"Did every employee have what they needed at the beginning?" Dempster said. "I would hesitate to say yes to that, because no, they may not have."
But Dempster said the department was meeting caseload targets of 20 per social worker. She also said it shouldn't be difficult for social workers to meet with their supervisors because each has only six subordinates.
"You talked about a death of a child in care," Dempster said.
"There has to be a level of accountability as well. We are hiring professionals to do very important work."
The new minister in charge of the child protection system, Brian Warr, declined followup interview requests. Officials in the department said they had nothing to add to Dempster's comments.
'A dysfunctional system'
It's been nearly five months since Wally took his life. Innu Nation Grand Chief Etienne Rich says the teen's death highlights the need for an inquiry into Innu children in care, which was promised in 2017.
"To have a death in care while we are waiting for the inquiry, it's awful, but it's not surprising," he said.
The grand chief says Wally's family and the Innu Nation are without answers, and there has been no accountability.
"I don't know what they're hiding," he said.
"I think they're accountable for what's been happening, because that young boy Wally Rich was in the care of [the] CSSD system."
He says the child protection system in Labrador is broken.
"It's a dysfunctional system. We've always said it's hurting too many Innu kids and it's hurting too many Innu families. That's why we called for an inquiry to get those answers," he said.
"The province needs to hear the truth from our people from what the system has done to them."
Rich wants the inquiry to start as soon as possible.
In a statement, Dempster, who is now the minister responsible for Indigenous affairs and reconciliation, said the inquiry will begin once a commissioner is found, which will be done in collaboration with the Innu, but gave no commitment to a time frame.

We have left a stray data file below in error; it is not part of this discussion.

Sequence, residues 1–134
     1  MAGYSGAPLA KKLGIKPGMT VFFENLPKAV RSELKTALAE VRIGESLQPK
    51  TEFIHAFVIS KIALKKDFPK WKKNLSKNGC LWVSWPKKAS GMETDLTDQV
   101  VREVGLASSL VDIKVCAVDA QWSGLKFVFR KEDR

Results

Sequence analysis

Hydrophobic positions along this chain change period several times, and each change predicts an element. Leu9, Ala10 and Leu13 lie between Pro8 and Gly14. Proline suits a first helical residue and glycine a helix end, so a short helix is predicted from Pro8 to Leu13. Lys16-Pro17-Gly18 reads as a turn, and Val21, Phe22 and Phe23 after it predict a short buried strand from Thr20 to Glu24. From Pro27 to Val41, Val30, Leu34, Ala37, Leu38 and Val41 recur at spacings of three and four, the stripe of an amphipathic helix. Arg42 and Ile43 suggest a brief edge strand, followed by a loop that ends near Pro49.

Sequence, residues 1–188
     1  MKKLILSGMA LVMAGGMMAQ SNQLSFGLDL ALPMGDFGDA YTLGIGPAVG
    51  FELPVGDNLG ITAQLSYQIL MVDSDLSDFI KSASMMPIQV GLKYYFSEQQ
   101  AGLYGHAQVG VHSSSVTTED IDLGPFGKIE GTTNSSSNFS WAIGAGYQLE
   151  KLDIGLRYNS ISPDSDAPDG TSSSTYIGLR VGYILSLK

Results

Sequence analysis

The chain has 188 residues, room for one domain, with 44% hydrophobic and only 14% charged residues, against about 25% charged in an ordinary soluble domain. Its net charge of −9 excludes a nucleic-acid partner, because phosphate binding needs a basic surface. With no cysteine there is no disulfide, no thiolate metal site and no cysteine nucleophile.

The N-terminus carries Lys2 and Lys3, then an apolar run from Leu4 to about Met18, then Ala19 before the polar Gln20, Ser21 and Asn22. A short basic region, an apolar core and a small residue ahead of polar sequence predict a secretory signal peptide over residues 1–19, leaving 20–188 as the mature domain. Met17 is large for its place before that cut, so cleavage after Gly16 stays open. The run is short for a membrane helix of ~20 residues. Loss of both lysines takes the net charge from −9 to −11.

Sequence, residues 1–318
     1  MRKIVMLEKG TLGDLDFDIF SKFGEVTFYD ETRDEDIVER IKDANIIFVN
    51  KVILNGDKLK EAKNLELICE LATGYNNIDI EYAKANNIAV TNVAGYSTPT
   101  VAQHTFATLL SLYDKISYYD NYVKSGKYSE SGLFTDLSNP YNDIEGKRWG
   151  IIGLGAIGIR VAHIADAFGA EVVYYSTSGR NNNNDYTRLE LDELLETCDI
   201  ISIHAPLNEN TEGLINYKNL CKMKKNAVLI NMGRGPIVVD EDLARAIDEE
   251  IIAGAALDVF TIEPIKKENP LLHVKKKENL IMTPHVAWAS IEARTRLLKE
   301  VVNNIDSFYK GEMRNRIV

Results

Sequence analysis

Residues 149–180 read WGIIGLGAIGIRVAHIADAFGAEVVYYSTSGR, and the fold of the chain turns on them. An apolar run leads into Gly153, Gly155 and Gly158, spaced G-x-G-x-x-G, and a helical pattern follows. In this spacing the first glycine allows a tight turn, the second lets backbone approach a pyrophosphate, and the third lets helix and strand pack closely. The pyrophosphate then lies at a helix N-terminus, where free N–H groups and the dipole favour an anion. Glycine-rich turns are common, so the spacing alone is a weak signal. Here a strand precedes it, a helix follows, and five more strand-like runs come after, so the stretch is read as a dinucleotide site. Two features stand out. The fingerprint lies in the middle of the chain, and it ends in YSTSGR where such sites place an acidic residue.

The grand chief says a local judge isn't available, but they've agreed to allow a commissioner from out of the province to head the inquiry, and says names have been forwarded to the provincial government.
In last month's provincial budget, $2.5 million was earmarked for inquiries, with $1 million budgeted for the inquiry into Innu children in care. Both inquiries are expected to start this year.
In the meantime, the grand chief wants to see better communication between the Innu Nation and provincial social workers.
"Our workers are only [contacted] when the children are apprehended, and are moved from one place to another. There is no contact with our social workers before children are removed," he said.
"This means there is no active prevention work … We think that needs to change. People need to be working with each other before the children are taken away."
Where to get help:
Mental Health Crisis Line: 1-888-737-4668. Bridge the gApp: https://www.bridgethegapp.ca/adult/
Kids Help Phone (24/7): 1-800-668-6868 (phone), 'CONNECT' to 686868 (text), live chat counselling at www.kidshelpphone.ca.
Canadian Association for Suicide Prevention: Find a 24-hour crisis centre.
Hope for Wellness Help Line at 1-855-242-3310 or chat online at hopeforwellness.ca.